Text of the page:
Jillian Leslie 15:45
interesting. I hadn’t even thought about that.
Kate Ahl 15:47
Yeah, it’s really different.
Jillian Leslie 15:49
It is, it is. And that is always the thing that… and I have to say, as an introvert, I love Pinterest.
Kate Ahl 15:56
Oh, me too. It’s one of my favorites.
Jillian Leslie 15:57
It’s like, I can just go and I can browse, or our stuff works really well on Pinterest and it’s less about how cool we are and how, I don’t know, it’s just like we’re just trying to put good content out.
Kate Ahl 16:12
Well, and I was just reading a bunch of articles because I’m actually doing a podcast about all the Pinterest updates. And I was reading the Engineering blog and they said 97% of 1000 of the most popular searches are non-branded, basically meaning people start with basic searches like shoes, couch.
So they were like, brands of all sizes have the opportunity to reach people who are in that shopping mindset.
Jillian Leslie 16:38
I think that’s so interesting. So if you are some sort of influencer, you know, like, you can compete and you can then put your affiliate links in and you can make money and stuff like that because people are liking your pins.
Kate Ahl 16:53
Well, we work actually with a tile company. She’s going to be on the podcast sharing her story, but they made custom handmade tile. I mean, think about it.
She’s competing with the big box stores like Home Depot or Lowes but she’s providing a very curated different type of product. But advertising dollars, I mean, obviously, she doesn’t have as much as Home Depot has,.
But the great thing is, is that people are searching for handmade title or unique bathroom tile. And they’re finding her instead of finding something at Home Depot, and so they’re getting so much great traffic from Pinterest and orders and people getting samples from them. It’s really cool to see.
Jillian Leslie 17:33
I could so see that — that success and that her pin is going to show up right next to the Home Depot pin and hers is going to look more unique.
Kate Ahl 17:44
Oh, yeah, absolutely. And I think people want to support small businesses, too. And so seeing something that’s very different or helps them stand out or be unique in their bathroom design, they’re going to go with her.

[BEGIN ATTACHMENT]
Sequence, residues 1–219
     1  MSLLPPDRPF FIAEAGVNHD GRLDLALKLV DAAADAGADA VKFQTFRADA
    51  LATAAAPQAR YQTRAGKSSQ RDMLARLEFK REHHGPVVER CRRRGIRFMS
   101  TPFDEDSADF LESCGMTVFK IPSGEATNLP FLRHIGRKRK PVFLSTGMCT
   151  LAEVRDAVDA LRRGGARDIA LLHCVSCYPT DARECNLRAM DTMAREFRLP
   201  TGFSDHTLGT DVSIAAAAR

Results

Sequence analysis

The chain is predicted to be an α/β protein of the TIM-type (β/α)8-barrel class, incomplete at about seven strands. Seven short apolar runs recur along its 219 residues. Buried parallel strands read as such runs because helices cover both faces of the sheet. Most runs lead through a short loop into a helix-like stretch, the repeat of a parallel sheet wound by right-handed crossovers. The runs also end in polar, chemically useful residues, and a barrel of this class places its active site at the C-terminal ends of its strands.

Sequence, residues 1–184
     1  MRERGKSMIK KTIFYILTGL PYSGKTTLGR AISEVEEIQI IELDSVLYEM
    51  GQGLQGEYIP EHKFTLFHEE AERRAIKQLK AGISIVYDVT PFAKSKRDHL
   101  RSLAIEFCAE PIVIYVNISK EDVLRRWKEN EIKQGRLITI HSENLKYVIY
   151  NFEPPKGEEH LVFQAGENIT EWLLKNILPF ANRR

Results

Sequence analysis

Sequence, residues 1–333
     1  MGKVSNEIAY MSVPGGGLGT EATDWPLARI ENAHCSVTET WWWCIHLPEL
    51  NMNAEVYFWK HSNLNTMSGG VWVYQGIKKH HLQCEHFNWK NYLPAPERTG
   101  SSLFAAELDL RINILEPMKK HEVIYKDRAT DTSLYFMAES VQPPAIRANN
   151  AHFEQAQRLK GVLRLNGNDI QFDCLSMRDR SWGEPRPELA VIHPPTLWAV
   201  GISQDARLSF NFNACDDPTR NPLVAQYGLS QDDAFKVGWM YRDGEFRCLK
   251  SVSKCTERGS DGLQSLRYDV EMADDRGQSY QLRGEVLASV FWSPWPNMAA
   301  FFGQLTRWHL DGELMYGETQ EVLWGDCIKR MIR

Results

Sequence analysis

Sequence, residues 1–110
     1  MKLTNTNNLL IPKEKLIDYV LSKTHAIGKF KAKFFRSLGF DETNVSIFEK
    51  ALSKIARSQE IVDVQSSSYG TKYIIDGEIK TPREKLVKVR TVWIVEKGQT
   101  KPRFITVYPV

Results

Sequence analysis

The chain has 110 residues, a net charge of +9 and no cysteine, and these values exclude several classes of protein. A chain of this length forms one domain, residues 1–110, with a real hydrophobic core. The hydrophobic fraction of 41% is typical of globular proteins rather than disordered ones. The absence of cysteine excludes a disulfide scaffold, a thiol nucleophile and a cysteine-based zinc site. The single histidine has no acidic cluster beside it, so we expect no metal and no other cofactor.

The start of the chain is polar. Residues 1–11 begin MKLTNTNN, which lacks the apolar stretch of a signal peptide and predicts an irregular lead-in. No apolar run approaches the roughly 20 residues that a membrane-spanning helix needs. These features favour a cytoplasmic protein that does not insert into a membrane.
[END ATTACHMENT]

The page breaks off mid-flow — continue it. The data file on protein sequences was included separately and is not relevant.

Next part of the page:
Jillian Leslie 17:56
Yeah. Oh, I have to find her name. You have to tell me afterward.
Kate Ahl 17:59
Yeah, she’s fantastic. Yeah.
Jillian Leslie 18:00
Okay. Let’s talk about this idea of if you use Smart Loop, is there the possibility that your account could be deemed a spam account because you are repinning content? So there’s a lot of rumors going around about, Oh no, if I keep repinning same stuff, will that hurt me?
Kate Ahl 18:23
No, it will not. Using Tailwind Smart Loop will not get you marked as spam.
Jillian Leslie 18:28
Okay. And so people were concerned though that if I’m just, you know, running these smart loops and my stuff is being repaired that somehow, you know, that’s not playing well on the platform.
Kate Ahl 18:39
Right, yes, we did hear that too. And we’ve gone back to Tailwind and we’ve gone back to Pinterest, and we’ve confirmed that it will not get you marked as spam.
The thing that you do need to think about though, is if you are, let’s say you have a post and it’s about Valentine’s Day, and you’re sending it out in your loops three times a day. And it’s the same pin, the same description like nothing’s fresh about it, there’s a few things that are going to be kind of troublesome for you because it’s not a good user experience.
And that’s what Pinterest has said like, you don’t want somebody to come on to your profile and see that it’s like slammed with the same Valentine’s Day pin 150 times. That’s not a good user experience.
But peppering here and there on different boards — totally fine. That’s not going to get you marked as spam.
Jillian Leslie 19:27
But Pinterest, though, even if it’s not marked as spam, Pinterest knows that this pin is going out multiple multiple times and probably will not be showing it as often as you would like,
Kate Ahl 19:39
I can’t so much speak directly to that. Like I’m talking with Pinterest and hoping to get solid answers on that.
But I think if you do, what I like about that method is changing up some words in the description, changing up and doing a different image for that particular URL.
Those are good strategies too. If you want more eyes on a particular post, change up those elements so it doesn’t look like the same pin over and over.
And one thing to note too is that Pinterest has said when a user interacts with a pin, it gives them data on what they’re interested in.
So if it’s about women’s fashion, they’re going to end up showing that pinner more pins from the particular board that it was on or other pins related to women’s fashion or keywords that are in that pin description.